Saturday, June 3, 2017

The Washin'

Looking back, as a young girl living in the coal camp of David, Kentucky through the 1940s and '50s, some of my strongest memories are of watching Mother do the washin'.  I helped her with little things like bringing her the clothespin bag or helping her carry a tub of wet clothes out to the line--several feet up the steep hillside that was our back yard. Sometimes I would move the clothesline prop--usually a strong tree branch that forked in a few places that allowed us to prop the line up high, or down low. I don’t remember ever doing the washing myself-- until I was married and had my very own Maytag wringer washer. I remember Mother letting me run some things through the wringer. It was really dangerous. She usually asked one of us children to plug the washer in, since she was afraid of electricity, too--although her childhood home up Stonecoal had been “wired” in the 1920s by her brother Rob Hicks who wanted to make life better for Granny and Pap.

We kept our Maytag wringer washer, on the back porch. Underneath the wringers was a wooden stool that held the tub of rinse water. There was one other tub to carry wet clothes out to the line. It was heavy. There were no plastic baskets back then. How did we get the water into the washer? We had a  laundry stove in the kitchen--a small black iron coal stove that heated water. Did Mother build a fire to heat the water then carry out buckets full? Did we heat the water in summer? The house would have been so hot! Did we have a hose that ran from the kitchen sink to the washer?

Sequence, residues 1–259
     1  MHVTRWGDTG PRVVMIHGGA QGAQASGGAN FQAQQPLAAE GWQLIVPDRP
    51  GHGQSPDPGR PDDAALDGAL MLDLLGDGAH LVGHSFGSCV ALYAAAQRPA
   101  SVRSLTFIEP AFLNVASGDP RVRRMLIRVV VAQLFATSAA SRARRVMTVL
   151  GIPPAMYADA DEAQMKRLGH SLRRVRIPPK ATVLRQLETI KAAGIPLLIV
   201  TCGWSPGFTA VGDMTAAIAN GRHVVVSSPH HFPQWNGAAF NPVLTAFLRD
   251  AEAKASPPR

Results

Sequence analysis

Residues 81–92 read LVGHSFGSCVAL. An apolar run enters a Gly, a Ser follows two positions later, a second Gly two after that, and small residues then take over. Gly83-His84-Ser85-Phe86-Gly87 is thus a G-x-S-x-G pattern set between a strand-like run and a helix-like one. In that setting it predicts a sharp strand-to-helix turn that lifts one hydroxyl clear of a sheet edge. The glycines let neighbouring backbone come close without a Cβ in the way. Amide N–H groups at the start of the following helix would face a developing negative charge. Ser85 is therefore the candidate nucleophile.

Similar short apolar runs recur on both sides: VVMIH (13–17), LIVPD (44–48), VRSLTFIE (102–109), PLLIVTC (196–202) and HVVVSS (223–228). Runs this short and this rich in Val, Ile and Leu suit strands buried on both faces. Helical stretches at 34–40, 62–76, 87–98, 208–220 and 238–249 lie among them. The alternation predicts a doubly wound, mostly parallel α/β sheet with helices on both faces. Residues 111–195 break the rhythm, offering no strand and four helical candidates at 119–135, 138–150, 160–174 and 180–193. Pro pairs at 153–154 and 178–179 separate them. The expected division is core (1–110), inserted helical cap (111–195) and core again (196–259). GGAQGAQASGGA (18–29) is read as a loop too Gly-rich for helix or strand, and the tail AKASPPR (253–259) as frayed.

After my marriage in 1962, I used a wringer washer for several years.  We bought an automatic washer and an electric dryer in 1969. Why can’t I remember the details of doing the washing in a wringer washer? I seem to remember making big water messes in my kitchen, though .

I know that the best, cleanest clothes were washed first and that Daddy’s work clothes--coal mining clothes--were washed last. Once the black coal dust turned the water a scummy, dark gray, that was the end of the washin’ for that day. We dropped the drain line off the porch and let that water run into the back yard!

When did we do the clothes that needed bleach? You couldn’t start with bleach water. Did we do a separate load for those white things we bleached? If we’d used bleach, could we put the mining clothes into that same water? I don’t think so. I know we got the most out of every tub of water and didn’t empty the washer until we had to.

I also watched in awe as my wonderful mother-in-law did the washin’ every week, when I lived with her the first few months of my marriage. First, she built a fire in the middle of a circle of cinder blocks that she kept in the upper left corner of the front yard. She tended the fire until it was hot but tame, then placed a washtub securely on the blocks. She filled the tub with water she carried from  the hand-pump nearby and scurried to get the clothes, towels, and sheets sorted on the porch while the water heated, knowing it. wouldn't take long. Before long, with a lighter bucket, she carried hot water to the wringer washer on the porch.  The rinse tub had already been filled with cold water from the pump. Sometimes, I'd help with that job, but she didn't trust someone as young and inexperienced as I to do the more complex, important jobs. Usually, I did the inside work, while she worked outside. We had made that deal and it worked for me, even if I did have to learn how to keep fireplaces burning or banked, water carried to the kitchen, but nothing as hard as her outside work.